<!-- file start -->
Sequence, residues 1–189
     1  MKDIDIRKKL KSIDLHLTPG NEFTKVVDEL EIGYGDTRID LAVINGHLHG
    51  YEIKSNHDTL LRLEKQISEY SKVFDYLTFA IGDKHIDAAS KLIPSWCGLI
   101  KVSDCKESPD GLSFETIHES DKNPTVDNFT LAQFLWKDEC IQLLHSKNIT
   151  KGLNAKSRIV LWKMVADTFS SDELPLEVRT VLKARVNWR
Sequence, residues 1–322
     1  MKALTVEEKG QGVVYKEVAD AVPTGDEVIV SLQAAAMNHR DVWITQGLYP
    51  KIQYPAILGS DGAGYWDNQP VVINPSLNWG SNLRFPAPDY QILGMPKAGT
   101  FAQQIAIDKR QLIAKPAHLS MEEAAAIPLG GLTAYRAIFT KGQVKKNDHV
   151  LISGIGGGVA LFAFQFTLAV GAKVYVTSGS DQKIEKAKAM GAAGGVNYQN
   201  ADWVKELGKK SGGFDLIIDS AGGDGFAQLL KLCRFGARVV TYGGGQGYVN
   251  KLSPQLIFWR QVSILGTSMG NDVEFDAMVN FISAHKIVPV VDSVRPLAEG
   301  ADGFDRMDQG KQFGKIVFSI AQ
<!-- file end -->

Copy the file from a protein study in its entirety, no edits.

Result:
Sequence, residues 1–189
     1  MKDIDIRKKL KSIDLHLTPG NEFTKVVDEL EIGYGDTRID LAVINGHLHG
    51  YEIKSNHDTL LRLEKQISEY SKVFDYLTFA IGDKHIDAAS KLIPSWCGLI
   101  KVSDCKESPD GLSFETIHES DKNPTVDNFT LAQFLWKDEC IQLLHSKNIT
   151  KGLNAKSRIV LWKMVADTFS SDELPLEVRT VLKARVNWR
Sequence, residues 1–322
     1  MKALTVEEKG QGVVYKEVAD AVPTGDEVIV SLQAAAMNHR DVWITQGLYP
    51  KIQYPAILGS DGAGYWDNQP VVINPSLNWG SNLRFPAPDY QILGMPKAGT
   101  FAQQIAIDKR QLIAKPAHLS MEEAAAIPLG GLTAYRAIFT KGQVKKNDHV
   151  LISGIGGGVA LFAFQFTLAV GAKVYVTSGS DQKIEKAKAM GAAGGVNYQN
   201  ADWVKELGKK SGGFDLIIDS AGGDGFAQLL KLCRFGARVV TYGGGQGYVN
   251  KLSPQLIFWR QVSILGTSMG NDVEFDAMVN FISAHKIVPV VDSVRPLAEG
   301  ADGFDRMDQG KQFGKIVFSI AQ